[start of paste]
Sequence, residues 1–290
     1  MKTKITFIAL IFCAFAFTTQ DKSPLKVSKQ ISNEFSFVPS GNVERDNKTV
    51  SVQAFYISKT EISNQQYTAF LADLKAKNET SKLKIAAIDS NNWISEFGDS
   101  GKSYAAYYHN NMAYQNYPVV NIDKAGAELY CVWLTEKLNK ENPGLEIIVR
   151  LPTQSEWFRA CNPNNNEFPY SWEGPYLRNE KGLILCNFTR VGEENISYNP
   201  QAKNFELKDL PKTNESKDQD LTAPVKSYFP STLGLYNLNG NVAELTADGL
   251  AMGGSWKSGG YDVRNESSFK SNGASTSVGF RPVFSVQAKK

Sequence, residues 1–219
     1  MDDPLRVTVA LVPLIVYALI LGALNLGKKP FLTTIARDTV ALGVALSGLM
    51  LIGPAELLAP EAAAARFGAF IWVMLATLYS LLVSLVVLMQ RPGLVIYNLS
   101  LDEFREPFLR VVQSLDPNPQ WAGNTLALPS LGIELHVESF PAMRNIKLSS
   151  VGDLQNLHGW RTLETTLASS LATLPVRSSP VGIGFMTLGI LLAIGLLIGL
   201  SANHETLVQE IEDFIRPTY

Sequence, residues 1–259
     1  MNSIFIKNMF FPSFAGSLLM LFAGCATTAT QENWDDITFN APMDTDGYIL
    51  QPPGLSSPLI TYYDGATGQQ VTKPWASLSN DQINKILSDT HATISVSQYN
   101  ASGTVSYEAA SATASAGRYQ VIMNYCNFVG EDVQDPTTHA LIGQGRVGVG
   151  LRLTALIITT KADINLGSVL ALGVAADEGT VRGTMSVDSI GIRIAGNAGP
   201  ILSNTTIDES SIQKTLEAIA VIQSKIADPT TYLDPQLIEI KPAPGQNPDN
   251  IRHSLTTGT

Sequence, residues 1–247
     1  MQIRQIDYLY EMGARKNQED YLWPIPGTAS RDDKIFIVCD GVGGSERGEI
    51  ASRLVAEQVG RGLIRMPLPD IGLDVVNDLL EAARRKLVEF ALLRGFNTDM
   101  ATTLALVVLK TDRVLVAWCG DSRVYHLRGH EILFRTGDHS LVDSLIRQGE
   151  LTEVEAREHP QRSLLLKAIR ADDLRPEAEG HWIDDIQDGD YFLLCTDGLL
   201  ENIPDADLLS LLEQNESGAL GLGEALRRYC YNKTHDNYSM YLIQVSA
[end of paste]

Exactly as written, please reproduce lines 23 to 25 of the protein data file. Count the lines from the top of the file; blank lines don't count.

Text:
    51  ASRLVAEQVG RGLIRMPLPD IGLDVVNDLL EAARRKLVEF ALLRGFNTDM
   101  ATTLALVVLK TDRVLVAWCG DSRVYHLRGH EILFRTGDHS LVDSLIRQGE
   151  LTEVEAREHP QRSLLLKAIR ADDLRPEAEG HWIDDIQDGD YFLLCTDGLL